January 19th, 2018, 02:56 AM  #1 
Newbie Joined: Dec 2017 From: vienna Posts: 8 Thanks: 1  Quotient topology
let X= R^2{(0,0)} with the equivalence relation : (x,y)R(z,w) iff y=w=0 and x/z positive real number or if y=w not equal to 0 . 1can you describe the set of all equivalence classes of X? 2give me a basis of of the quotient topology ? 3can you give a homeomorphism for which this quotient space is homemorphic to ? I have a problem in imagining the topology of the quotient space and how to determine the set of all equivalence classes ,can u provide me with some advices ? Thank u 
January 19th, 2018, 04:38 AM  #2 
Senior Member Joined: Oct 2009 Posts: 498 Thanks: 164 
Start by drawing a picture of $\mathbb{R}^2$ and drawing some equivalence classes in a color.

January 20th, 2018, 07:36 AM  #3 
Senior Member Joined: Sep 2016 From: USA Posts: 444 Thanks: 254 Math Focus: Dynamical systems, analytic function theory, numerics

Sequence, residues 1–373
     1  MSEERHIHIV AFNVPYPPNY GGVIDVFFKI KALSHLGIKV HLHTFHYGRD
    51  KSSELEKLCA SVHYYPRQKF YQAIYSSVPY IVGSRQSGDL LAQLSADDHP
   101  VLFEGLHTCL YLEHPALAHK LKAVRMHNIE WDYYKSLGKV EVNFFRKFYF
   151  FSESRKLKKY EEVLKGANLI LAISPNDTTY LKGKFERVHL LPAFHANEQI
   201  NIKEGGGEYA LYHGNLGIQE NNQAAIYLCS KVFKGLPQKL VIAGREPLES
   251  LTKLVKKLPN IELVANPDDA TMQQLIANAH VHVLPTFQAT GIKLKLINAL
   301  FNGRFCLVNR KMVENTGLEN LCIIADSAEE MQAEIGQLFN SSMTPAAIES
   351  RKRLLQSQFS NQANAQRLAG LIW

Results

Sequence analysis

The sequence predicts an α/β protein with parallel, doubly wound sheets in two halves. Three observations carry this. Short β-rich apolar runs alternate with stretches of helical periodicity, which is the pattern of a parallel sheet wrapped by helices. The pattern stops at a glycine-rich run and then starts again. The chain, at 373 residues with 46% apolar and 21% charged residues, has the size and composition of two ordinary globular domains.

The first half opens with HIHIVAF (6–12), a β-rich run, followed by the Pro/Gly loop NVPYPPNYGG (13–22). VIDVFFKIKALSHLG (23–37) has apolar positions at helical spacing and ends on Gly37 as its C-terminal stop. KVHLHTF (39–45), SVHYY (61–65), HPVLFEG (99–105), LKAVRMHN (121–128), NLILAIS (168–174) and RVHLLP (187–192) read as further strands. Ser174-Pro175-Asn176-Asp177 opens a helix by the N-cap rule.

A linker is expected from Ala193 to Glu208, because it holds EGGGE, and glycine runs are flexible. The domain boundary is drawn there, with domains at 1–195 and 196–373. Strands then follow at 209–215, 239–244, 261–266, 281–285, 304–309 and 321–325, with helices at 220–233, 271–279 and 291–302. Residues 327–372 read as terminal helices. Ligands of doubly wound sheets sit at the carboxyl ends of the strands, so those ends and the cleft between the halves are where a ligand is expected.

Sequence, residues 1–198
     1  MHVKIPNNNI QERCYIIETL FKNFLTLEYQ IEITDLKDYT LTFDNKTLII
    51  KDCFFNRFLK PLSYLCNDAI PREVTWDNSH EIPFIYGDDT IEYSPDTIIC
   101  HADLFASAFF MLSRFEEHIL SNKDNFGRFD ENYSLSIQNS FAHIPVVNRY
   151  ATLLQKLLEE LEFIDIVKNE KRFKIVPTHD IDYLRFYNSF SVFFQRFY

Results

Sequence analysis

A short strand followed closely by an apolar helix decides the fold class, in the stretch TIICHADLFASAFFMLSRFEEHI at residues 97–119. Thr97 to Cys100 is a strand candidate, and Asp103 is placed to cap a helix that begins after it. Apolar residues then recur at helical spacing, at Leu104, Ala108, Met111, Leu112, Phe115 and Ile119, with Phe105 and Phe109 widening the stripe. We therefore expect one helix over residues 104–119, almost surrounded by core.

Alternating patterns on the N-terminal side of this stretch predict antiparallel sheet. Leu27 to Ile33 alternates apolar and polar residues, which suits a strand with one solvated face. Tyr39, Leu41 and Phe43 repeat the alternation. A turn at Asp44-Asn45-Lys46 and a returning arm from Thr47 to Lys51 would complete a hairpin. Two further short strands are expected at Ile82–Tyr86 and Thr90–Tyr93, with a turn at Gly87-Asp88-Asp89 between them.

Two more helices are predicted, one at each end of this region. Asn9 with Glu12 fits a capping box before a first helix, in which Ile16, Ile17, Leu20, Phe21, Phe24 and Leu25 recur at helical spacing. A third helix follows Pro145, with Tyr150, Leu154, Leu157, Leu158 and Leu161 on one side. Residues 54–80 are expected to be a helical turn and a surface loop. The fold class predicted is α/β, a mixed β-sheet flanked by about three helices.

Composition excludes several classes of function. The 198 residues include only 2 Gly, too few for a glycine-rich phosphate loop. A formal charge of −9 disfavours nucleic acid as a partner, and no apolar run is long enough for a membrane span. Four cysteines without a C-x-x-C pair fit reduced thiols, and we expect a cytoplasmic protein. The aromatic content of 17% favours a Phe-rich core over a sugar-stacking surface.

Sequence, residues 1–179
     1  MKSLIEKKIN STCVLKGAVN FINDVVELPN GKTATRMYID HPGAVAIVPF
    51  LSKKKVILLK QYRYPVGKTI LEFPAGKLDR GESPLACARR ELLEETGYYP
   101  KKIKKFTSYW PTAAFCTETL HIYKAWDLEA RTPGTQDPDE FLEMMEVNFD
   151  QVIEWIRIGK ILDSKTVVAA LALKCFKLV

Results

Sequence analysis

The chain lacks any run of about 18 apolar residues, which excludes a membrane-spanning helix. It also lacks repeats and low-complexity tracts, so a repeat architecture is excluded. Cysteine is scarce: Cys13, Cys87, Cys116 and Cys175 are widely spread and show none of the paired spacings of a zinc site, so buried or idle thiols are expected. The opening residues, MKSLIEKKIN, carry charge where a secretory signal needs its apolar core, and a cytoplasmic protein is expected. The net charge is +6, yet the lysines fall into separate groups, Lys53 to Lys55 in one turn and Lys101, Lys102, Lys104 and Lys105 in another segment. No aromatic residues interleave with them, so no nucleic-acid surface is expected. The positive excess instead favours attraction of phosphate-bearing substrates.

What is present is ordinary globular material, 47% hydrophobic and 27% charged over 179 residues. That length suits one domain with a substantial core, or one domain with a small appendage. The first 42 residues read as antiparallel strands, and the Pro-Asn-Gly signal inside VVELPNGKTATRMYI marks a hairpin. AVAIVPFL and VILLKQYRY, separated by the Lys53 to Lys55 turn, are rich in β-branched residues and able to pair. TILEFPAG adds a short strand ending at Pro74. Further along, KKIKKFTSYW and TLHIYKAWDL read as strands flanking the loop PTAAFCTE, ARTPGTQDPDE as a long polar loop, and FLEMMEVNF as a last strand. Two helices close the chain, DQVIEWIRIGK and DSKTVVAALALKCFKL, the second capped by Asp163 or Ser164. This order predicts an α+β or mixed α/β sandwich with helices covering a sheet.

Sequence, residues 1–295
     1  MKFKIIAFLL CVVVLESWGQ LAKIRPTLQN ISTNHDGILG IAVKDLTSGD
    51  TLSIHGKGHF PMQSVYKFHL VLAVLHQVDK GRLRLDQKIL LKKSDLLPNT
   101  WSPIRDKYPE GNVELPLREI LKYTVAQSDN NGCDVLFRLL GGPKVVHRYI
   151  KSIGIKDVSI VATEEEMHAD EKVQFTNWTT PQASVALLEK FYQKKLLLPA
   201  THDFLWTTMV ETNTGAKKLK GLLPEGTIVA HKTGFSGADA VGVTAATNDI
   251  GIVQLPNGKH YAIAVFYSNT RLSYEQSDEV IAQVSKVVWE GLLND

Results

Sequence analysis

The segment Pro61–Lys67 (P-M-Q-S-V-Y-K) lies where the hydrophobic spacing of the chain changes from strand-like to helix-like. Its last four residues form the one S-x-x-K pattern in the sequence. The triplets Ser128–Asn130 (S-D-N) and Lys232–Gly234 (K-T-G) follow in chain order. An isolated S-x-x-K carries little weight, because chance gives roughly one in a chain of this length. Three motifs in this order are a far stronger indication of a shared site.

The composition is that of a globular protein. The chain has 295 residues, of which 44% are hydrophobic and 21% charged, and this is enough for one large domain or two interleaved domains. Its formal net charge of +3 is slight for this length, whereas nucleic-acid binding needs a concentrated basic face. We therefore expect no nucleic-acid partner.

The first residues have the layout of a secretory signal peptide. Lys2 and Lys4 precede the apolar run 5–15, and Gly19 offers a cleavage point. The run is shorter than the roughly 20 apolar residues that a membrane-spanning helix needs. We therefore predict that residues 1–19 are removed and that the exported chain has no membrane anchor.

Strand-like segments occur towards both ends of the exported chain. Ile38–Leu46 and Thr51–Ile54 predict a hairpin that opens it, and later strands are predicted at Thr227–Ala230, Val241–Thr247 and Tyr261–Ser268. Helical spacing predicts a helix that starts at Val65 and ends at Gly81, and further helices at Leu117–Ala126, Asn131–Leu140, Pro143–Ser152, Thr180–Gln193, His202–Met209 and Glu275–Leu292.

1. I think should be pretty straightforward for the level of course you seem to be working in. 2/3. This is where i suspect the trouble lies. I doubt its helpful to give you a full solution but if you are still stuck you may find the following theorem and discussion helpful. First, recall that a map between topological spaces, $g: X \to A$ is a quotient map if $g$ is surjective and any subset, $U \subset A$ is open in $A$ if and only if $g^{1}(U)$ is open in $X$. Note: This definition appears at first glance to simply be the definition of continuity but look closer and you will see that it is quite a bit stronger. Theorem: Suppose $X,A$ are topological spaces, and $A$ is Hausdorff. Let $g: X \to A$ be a continuous surjection and define \[Y = \{g^{1}(a) \ \colon a \in A \} \] endowed with the quotient topology. Then $Y$ is also Hausdorff and $g$ induces a continuous bijection, $\tilde{g}: Y \to A$, and $\tilde{g}$ is a homeomorphism if and only if $g$ is a quotient map. Now, the basic strategy for applying this theorem is the following: (1) Start with an abstract topological space which you want to understand. The goal is to place this in the role of $Y$ in the previous theorem. (2) To do this, you look for an $X$ and a $q$ so that $q: X \to Y$ is precisely the map induced by your identification. Verify that $q$ is a quotient map so that $Y$ has the quotient topology. (3) Determine the topology of $Y$ (this is usually done by experimenting with the equivalence classes and making a good guess) and let $A$ be a typical representative. For example, at a glance my guess for your problem would be that the quotient you have is homeomorphic to the smash product of two torii (i.e. $\mathbb{T}$ ^ $\mathbb{T}$) so take this as an initial guess for $A$. (4) Try to find $g: X \to A$ which is a quotient map satisfying \[q \left( g^{1}(a) \right) = \tilde{g}^{1}(a) \] or equivalently, $g = \tilde{g} \circ q$. Finding this $g$ and verifiying this quotient map is usually straightforward once you have worked out (1)(3). Once found, the theorem above does the work of proving that $A$ is homeomorphic to $Y = X/R$. As a final note, specifically answering 2. of your question is easy to do in the general case. Consider the previous theorem (whose proof is not that difficult and should be sketched at the very least) and look at $g(B)$ where $B$ is a topological basis for $X$. Can you prove that this is a basis for $A$? 

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